The German painter Otto Dix began his artistic training in Dresden, the centre of Expressionist activity, after being awarded a scholarship in 1909 to study at the Kunstgewerbeschule. There, in addition to soaking up the influence of the Expressionist movements, he studied the works of the German and Italian Renaissance masters in the city’s museums. In 1914 he enlisted voluntarily to fight in the First World War, the horrors of which he later expressed in his work. He studied at the Akademie für Bildende Künste in Dresden from 1919 to 1922 and was one of the founders of the Dresdner Sezession Gruppe 1919, a radical group of Expressionist and Dadaist writers and artists.

From 1922 to 1925 Dix lived in Düsseldorf, where he married Martha Koch and was involved with Johanna Ey’s avant-garde gallery. His work became infused with violent social criticism, and he revived the Renaissance medium of tempera on panel as a means of achieving a bitingly realistic style of painting. In 1925 he was among the painters whose work was shown in the Neue Sachlichkeit (New Objectivity) exhibition in Mannheim. At the end of the year Dix, encouraged by the gallery owner Karl Nierendorf, spent a period in Berlin, where he achieved huge fame as a painter of society portraits. Berlin, a modern metropolis, was then experiencing one of the most creative and innovative periods in its history, which was soon followed by the decline brought by the advent of National Socialism.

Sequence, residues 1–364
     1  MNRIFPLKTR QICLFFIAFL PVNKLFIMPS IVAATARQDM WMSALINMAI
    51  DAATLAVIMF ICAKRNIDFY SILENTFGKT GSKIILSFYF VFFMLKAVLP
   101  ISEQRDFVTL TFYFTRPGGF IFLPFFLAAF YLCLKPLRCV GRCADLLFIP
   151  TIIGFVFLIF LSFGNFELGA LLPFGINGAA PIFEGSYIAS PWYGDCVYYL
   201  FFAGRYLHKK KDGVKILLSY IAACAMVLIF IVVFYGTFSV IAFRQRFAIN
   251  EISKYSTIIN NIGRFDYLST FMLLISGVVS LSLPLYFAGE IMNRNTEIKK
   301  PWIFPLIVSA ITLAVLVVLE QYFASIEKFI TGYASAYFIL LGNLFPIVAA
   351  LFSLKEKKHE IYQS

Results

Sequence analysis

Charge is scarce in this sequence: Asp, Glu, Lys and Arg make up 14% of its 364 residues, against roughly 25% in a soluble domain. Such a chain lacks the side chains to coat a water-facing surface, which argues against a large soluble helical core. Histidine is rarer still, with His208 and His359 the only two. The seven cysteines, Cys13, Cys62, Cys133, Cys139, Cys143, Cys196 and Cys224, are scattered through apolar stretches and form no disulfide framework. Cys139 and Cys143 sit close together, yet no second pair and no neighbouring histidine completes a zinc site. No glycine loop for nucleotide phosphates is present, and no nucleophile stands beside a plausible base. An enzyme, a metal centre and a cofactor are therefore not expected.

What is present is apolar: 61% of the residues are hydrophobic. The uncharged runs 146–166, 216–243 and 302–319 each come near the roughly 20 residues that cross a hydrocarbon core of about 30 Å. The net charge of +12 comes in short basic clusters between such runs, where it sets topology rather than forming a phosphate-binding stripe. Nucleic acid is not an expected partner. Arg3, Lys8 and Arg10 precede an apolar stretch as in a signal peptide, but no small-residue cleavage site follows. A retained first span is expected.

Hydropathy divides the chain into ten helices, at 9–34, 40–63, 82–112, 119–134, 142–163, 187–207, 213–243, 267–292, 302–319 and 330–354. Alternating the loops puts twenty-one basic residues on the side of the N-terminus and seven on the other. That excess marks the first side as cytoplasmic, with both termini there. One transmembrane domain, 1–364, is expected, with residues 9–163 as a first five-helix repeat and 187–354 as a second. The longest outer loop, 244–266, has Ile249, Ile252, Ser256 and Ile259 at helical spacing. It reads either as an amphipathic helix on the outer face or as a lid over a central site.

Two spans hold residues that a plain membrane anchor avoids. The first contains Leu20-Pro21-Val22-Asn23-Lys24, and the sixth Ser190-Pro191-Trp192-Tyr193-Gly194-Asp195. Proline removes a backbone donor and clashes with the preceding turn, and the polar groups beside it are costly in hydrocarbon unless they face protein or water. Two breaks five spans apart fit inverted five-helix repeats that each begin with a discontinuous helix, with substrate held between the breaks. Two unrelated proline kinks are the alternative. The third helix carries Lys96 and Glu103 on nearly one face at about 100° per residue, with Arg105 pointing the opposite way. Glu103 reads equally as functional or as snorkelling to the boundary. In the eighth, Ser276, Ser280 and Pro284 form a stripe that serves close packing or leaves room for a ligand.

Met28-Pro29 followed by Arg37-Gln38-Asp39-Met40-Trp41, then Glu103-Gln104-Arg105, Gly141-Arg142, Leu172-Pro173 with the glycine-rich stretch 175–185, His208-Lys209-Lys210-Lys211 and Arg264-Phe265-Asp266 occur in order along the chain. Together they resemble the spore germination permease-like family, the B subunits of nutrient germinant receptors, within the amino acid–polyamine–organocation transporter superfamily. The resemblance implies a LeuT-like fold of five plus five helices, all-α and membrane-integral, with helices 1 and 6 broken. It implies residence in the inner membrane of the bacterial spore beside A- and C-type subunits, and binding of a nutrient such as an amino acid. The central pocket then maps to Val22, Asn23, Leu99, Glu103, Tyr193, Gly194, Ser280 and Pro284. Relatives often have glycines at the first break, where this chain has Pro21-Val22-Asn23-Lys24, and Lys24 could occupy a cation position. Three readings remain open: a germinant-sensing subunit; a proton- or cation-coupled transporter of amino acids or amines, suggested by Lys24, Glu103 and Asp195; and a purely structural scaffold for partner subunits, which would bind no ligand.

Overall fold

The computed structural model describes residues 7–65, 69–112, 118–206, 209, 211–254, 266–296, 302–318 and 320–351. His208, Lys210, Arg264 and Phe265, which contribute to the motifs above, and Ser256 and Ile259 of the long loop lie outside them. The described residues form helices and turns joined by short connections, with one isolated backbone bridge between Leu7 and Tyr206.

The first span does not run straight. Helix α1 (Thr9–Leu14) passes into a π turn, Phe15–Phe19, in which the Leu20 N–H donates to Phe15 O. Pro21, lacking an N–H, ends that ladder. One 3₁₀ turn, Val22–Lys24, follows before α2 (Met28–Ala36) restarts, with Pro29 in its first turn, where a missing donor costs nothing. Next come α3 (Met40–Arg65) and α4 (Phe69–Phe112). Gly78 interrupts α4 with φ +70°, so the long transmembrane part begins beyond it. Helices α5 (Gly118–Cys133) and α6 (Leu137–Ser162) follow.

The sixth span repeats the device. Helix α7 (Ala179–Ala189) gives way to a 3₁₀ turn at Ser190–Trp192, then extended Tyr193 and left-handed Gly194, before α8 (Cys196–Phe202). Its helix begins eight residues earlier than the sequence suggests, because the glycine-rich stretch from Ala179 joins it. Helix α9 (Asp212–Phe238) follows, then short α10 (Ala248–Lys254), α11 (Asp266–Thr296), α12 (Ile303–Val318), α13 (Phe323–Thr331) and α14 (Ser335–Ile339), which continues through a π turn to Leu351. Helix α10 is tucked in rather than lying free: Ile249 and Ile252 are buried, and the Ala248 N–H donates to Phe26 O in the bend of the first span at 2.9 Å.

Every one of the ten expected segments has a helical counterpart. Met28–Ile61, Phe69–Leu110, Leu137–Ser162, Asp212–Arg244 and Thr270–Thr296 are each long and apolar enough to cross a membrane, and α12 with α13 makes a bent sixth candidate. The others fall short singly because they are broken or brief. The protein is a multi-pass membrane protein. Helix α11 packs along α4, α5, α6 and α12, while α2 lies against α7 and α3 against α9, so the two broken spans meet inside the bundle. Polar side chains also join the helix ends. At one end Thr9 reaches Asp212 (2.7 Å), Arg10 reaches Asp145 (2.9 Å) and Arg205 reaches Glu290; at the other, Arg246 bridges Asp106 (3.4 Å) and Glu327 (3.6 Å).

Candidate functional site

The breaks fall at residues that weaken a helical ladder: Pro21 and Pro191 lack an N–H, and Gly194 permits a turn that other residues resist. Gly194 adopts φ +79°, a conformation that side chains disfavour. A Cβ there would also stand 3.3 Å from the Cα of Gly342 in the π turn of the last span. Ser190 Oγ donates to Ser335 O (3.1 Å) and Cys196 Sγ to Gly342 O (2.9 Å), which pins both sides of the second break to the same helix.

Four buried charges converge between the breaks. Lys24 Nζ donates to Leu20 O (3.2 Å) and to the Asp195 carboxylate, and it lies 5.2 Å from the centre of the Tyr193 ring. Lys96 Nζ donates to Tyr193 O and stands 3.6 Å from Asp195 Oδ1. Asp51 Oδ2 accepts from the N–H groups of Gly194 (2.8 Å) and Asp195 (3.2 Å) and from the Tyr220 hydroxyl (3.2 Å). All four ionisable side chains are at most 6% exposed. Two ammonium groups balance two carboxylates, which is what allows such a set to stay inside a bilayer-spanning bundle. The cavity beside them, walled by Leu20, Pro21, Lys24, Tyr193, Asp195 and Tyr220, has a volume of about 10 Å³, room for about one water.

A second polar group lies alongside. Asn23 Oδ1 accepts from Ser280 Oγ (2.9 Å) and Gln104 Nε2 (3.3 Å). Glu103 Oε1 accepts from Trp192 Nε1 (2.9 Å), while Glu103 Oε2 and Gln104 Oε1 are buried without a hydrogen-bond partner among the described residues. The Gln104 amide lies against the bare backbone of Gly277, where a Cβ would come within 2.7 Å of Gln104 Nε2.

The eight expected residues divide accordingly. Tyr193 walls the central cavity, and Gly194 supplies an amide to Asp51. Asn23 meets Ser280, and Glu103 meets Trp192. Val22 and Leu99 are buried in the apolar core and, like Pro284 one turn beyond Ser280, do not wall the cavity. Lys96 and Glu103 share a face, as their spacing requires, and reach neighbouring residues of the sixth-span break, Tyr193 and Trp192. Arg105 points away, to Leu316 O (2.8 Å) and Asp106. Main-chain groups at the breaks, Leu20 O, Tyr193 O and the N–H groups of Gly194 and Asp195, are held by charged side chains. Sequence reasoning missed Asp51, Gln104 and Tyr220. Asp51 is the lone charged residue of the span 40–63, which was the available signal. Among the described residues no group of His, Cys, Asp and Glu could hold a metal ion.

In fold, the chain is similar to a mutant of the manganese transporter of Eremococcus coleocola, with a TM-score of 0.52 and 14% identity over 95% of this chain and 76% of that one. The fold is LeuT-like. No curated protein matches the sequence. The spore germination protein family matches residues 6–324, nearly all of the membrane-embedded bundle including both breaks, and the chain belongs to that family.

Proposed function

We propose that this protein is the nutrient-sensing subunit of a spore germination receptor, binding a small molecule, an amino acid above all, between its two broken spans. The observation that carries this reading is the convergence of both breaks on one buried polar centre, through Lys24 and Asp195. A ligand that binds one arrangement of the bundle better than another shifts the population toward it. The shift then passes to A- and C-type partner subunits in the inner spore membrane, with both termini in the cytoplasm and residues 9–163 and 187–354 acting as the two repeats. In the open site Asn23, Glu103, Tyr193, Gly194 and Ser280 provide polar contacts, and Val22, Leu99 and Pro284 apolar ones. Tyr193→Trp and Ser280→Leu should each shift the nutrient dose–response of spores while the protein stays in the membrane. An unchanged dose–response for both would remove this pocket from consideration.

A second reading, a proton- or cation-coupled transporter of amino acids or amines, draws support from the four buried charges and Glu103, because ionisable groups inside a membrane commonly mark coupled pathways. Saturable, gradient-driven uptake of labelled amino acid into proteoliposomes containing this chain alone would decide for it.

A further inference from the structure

In 1926 Dix was appointed a professor of the Akademie für Bildende Künste in Dresden and during this period painted some of his most ambitious works, such as the triptych Metropolis, 1927–28 (Stuttgart, Kunstmuseum Stuttgart), a fierce criticism of bourgeois society. With the advent of Nazism, Dix lost his teaching job in Dresden and his works were confiscated and included in the Entartete Kunst (Degenerate Art) exhibition. He did not abandon Germany but retired to Hemmenhofen, by Lake Constance, where he devoted himself to painting landscapes and religious themes in a style close to that of Albrecht Altdorfer.

Dix was conscripted again in 1945 and taken prisoner by the French army in Colmar. After being freed he returned to Germany, where he spent the rest of his life as a painter.